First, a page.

• Consideration of landscape in the framework documentation during the evolution of the Rural Environment Protection Scheme (REPS) in the Republic of Ireland.

      Whelan, Jackie; Fry, John; green, stuart; Teagasc Walsh Fellowship Programme (Teagasc, Oak Park, Carlow, Ireland, 2010)
      This paper looks at the changing concept of landscape during the evolution of REPS. It reviews and groups definitions of landscape and identifies their agri-environmental relevance. Descriptions were devised to amplify each grouping with reference to an Irish context and were used as an analytical framework to categorise each landscape reference in REPS documentation. There was an increase in the use of the term landscape with each version of the scheme and expansion in the range of different landscape categories to which this apparently applied. However there has been no coherence in its use. This paper makes recommendations to improve the framework for the treatment of landscape issues in REPS and its future evolution.
    • Occupational fatalities amongst farm workers in Ireland, 1992 – 2008

      Meredith, David; McNamara, John G.; Grant, Jim (Teagasc, Oak Park, Carlow, Ireland, 2010)
      Background: Whilst occupational fatalities amongst farm workers have been studied internationally little research has been published concerning farm fatalities or the demography farm fatalities in Ireland. Aims 1) To establish the incidence of farm fatalities during the 1992 – 2009 period in Ireland, 2) to explore the changing age profile of those experiencing fatal injuries on farms in Ireland. Methods: An official dataset containing the details of every fatal farm accident during the 1992 – 2009 period is used to evaluate changes in the number and age profile of farm fatalities in Ireland. Results: There were 304 deaths on farms during the 1992 – 2009 period in Ireland. The average number of annual fatalities is declining having fallen by 16% from 18 to 16 per year during this time. The fatality rate has however increased from 15 to 22 per 100,000 workers. This has been driven by a reduction in the number of workers employed on farms and, it is hypothesised, rapid ageing of the farm workforce. The demographic profile of those killed on farms changed significantly over the period. There are fewer deaths amongst younger cohorts. Older farmers, those over 55 years of age, now account for the vast majority of all fatal accidents. Conclusion: These findings highlight the changing nature of fatal farm incidents over the 1993 – 2009 period in Ireland. The increasing number of fatalities amongst older farmers suggests that Ireland’s Farm Safety Partnership needs to place greater emphasis of raising awareness amongst older farmers of fatality risks.
    • The importance of accounting for unobserved heterogeneity, state-dependence and differences in residual variances across groups: An application to Irish Farmers land market participation decisions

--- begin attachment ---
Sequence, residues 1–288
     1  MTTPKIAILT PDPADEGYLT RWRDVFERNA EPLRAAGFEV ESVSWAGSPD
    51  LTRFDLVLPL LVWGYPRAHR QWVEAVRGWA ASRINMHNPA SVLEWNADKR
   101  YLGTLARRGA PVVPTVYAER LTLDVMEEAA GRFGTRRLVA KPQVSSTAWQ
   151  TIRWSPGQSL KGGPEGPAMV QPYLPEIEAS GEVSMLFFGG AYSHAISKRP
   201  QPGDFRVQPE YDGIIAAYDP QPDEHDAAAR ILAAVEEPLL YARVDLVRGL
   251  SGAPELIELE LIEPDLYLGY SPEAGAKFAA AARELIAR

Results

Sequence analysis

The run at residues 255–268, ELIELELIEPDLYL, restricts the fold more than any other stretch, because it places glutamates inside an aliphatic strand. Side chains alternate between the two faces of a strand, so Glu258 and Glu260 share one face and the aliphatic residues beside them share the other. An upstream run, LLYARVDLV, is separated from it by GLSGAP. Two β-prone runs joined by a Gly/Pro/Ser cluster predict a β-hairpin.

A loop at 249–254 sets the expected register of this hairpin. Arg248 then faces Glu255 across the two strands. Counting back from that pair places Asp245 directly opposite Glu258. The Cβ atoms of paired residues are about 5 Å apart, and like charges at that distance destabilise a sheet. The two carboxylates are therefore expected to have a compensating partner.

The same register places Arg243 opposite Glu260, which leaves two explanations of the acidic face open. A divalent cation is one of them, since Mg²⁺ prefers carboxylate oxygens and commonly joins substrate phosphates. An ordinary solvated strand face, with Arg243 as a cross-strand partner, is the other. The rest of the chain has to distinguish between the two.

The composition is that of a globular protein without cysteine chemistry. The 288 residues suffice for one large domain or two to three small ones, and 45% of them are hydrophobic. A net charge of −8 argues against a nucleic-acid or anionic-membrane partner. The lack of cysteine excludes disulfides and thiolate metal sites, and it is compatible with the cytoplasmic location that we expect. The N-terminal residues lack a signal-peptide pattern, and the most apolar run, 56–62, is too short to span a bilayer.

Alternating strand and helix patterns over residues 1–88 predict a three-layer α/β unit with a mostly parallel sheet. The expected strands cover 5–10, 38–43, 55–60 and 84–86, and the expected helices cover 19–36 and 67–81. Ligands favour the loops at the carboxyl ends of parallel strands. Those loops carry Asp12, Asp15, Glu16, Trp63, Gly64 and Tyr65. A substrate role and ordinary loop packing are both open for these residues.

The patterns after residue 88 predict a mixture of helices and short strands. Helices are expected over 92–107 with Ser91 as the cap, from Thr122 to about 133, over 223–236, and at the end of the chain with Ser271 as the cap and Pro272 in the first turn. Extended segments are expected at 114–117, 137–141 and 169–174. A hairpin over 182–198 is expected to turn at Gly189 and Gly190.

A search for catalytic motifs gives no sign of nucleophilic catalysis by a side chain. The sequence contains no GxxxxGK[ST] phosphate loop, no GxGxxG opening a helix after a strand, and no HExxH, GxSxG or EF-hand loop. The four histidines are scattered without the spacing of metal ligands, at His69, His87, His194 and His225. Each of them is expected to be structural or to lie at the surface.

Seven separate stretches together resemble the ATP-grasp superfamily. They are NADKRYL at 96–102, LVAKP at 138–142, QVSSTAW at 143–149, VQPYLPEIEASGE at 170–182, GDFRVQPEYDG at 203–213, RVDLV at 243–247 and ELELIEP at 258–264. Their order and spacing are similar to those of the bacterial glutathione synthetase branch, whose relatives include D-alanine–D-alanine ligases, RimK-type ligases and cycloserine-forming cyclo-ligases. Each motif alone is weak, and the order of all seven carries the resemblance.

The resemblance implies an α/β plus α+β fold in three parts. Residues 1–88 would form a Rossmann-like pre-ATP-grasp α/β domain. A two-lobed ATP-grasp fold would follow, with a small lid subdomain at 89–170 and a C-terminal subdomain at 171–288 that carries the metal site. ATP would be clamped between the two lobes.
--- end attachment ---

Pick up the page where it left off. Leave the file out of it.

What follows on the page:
O'Neill, Stephen; Hanrahan, Kevin (Teagasc, Oak Park, Carlow, Ireland, 2010)
      Land is an essential input into agricultural production. A grwoing literature is concerned with the factors influencing farmers’ land market participation decisions in developing countries, with developed countries largely ignored. Current best-practise in the land market participation literature is exemplified by Holden et al. (2007) who use a dynamic model which allows for state-dependence and unobserved heterogeneity. Much of the literature fails to adequately deal with these features of land market decisions. In addition, a single model is used to represent all farm types. In this paper, we firstly consider the factors influencing land market participation decisions in a developing country, Ireland, while allowing for state-dependence, unobserved heterogeneity and differences across farm tyes. We compare these results to those that are obtained while ignoring state-dependence, unobserved heterogeneity and differences between farm types. Our results suggest that some caution may be warranted when these aspects are ignored when if fact they are present.
    • Modelling the impact of the recession on greenhouse gases from agriculture in Ireland

      Gillespie, Patrick R.; Donnellan, Trevor; Hanrahan, Kevin (Teagasc, Oak Park, Carlow, Ireland, 2010)
      The effects of the recession of 2009 have been felt across the economy of Ireland. The rapid contraction in economic activity has had its effect on greenhouse gas (GHG) emissions as well. It is possible to model the recession’s effect on agricultural GHG in the FAPRI-Ireland GHG model using the latest international commodity price projections from Food and Agricultural Policy Research Institute (FAPRI). The FAPRI-Ireland GHG model creates projections of future levels of Irish agricultural activity and then uses a mix of national and default emissions factors to convert this activity to estimates of annual GHG emissions from now to 2020. Our model is shocked using post-downturn commodity price projections for a selection of exogenous prices. The changes to these international commodity prices reflect the international market response to the downturn, and as such they have an impact on the level of GHG emitted by the agricultural sector in Ireland. This analysis finds that, despite the depth and breadth of the recession, the impact on GHG emissions from Irish agriculture has been muted. The impact of the shock is to reduce the projected annual emissions from the sector by only 0.14 Mt by 2020. This compares to the 2.97 Mt reduction in annual emissions which the sector would have to achieve if, for example, a reduction target of 20 percent on 2005 levels were to be imposed.